How can we use the tools of the 21st century to re-imagine traditional Wesleyan conferencing so that pastors who serve isolating appointments are still able to enjoy a healthy spiritual life? The author tested six different methods of creating clergy groups, searching for the most effective and simple to set up. Ideally, an in-person group brings the best results for accountability; however, online groups have much to offer in the relief of isolation. Suggestions are made as to how to effectively use this information to help clergy connect and move toward accountability and health.

Tapestry of health: for pastors of multiple point appointments and the congregations they serve

Author
S Karen Workman
Abstract
The author researched how narrative theology might play a part in creating health for both pastors and the multiple point appointments they serve. She was in dialogue with clergy of multiple point appointments and laity in their congregations. The author also used and exercise of sharing the church's story as a timeline of events to create space for storytelling to happen. While each church responded differently to the idea of this exercise, it was beneficial in each church to see how storytelling created community. The exercise also allowed each church to enter into God's greater story, which they are a part of.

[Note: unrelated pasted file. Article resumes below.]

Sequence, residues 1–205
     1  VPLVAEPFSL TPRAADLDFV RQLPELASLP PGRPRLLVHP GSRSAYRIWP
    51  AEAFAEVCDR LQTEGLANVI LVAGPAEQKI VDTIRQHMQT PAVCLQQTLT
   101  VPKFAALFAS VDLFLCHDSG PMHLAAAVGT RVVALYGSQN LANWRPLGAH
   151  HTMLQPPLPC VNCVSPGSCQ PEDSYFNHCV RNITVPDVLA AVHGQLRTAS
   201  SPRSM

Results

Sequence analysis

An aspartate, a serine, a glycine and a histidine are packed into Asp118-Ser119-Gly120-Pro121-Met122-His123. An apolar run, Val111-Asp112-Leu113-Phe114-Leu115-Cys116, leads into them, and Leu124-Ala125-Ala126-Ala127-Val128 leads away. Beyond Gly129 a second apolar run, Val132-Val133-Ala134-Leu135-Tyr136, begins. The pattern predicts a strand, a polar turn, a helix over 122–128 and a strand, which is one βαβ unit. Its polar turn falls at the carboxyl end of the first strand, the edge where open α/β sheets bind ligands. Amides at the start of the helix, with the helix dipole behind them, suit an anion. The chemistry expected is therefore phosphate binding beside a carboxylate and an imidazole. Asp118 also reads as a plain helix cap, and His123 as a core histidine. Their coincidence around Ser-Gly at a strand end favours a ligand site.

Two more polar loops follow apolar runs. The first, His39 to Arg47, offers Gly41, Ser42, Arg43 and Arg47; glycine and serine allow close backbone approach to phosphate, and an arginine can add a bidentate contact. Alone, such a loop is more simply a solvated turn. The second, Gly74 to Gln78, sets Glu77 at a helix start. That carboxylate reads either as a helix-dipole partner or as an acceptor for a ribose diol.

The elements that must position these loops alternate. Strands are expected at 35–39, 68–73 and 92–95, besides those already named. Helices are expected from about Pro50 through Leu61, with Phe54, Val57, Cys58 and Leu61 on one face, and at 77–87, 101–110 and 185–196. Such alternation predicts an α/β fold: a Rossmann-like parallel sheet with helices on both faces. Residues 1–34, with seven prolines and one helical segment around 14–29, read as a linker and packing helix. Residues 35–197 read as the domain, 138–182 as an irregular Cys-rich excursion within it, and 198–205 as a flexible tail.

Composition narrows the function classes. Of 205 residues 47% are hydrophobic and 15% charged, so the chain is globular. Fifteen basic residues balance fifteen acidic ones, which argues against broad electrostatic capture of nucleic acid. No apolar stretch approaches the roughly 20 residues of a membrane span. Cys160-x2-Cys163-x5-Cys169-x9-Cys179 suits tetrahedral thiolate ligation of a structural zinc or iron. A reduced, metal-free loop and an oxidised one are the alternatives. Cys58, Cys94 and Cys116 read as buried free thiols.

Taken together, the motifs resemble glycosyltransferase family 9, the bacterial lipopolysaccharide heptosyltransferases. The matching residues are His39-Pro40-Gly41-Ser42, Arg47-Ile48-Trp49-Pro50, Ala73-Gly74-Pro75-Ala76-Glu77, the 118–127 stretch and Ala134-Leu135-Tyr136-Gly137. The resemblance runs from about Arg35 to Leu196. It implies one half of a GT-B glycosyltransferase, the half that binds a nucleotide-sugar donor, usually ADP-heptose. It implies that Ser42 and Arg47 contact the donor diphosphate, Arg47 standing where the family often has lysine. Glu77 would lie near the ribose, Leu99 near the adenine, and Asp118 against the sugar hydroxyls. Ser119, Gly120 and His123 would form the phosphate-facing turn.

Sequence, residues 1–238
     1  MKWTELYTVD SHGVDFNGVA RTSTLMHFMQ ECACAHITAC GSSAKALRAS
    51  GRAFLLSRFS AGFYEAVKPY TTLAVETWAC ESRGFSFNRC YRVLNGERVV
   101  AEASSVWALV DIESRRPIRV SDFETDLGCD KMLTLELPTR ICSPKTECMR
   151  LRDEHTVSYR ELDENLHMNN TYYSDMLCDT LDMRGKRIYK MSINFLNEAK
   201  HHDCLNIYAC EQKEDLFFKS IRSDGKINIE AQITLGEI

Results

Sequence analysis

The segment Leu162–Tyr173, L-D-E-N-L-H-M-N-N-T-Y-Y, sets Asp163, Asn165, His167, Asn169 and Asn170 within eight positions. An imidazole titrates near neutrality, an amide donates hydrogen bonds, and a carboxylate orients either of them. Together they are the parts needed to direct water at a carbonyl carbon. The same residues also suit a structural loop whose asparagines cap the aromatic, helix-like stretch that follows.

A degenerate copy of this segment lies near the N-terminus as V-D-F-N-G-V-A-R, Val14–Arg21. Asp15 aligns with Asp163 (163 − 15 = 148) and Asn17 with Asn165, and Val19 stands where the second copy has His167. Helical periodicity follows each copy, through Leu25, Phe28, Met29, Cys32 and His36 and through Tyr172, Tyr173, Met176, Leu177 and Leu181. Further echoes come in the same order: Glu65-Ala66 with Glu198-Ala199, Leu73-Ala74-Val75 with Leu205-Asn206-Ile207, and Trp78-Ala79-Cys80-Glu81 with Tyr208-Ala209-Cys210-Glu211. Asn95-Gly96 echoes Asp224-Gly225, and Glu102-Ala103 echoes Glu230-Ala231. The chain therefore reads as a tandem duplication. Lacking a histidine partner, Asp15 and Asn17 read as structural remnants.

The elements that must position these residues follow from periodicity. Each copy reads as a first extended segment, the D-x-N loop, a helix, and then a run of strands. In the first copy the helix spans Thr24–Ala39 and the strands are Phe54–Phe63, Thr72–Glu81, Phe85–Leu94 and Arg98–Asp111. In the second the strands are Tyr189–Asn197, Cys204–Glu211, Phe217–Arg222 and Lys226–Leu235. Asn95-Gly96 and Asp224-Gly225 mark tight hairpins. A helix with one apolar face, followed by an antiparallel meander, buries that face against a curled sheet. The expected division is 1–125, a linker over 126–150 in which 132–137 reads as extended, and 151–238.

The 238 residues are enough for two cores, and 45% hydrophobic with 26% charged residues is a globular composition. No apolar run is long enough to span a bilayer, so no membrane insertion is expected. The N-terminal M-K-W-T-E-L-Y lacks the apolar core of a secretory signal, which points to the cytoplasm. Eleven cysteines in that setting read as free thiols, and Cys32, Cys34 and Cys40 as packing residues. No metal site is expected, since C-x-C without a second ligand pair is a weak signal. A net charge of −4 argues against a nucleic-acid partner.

The Order of Elders New York Annual Conference United Methodist Church: a case study

Author
Constance Y Pak
Abstract
According to the 1996 General Conference's mandate, the New York Annual Conference launched its Order of Elders in February, 2000. As the Chairperson of its Order, the author examined the question: how can the Order of Elders be a viable body which will increase the number of elders in its activities and nurture them spiritually? First the author explores the history of peer accountability and the creation of the Order of Elders based on the Wesleyan tradition and theology/doctrine. Then the author presents a case study from the author's own experiences. The results of the evaluation and analysis endeavor to execute a visioning process for the future growth of the Order of Elders of the NYAC.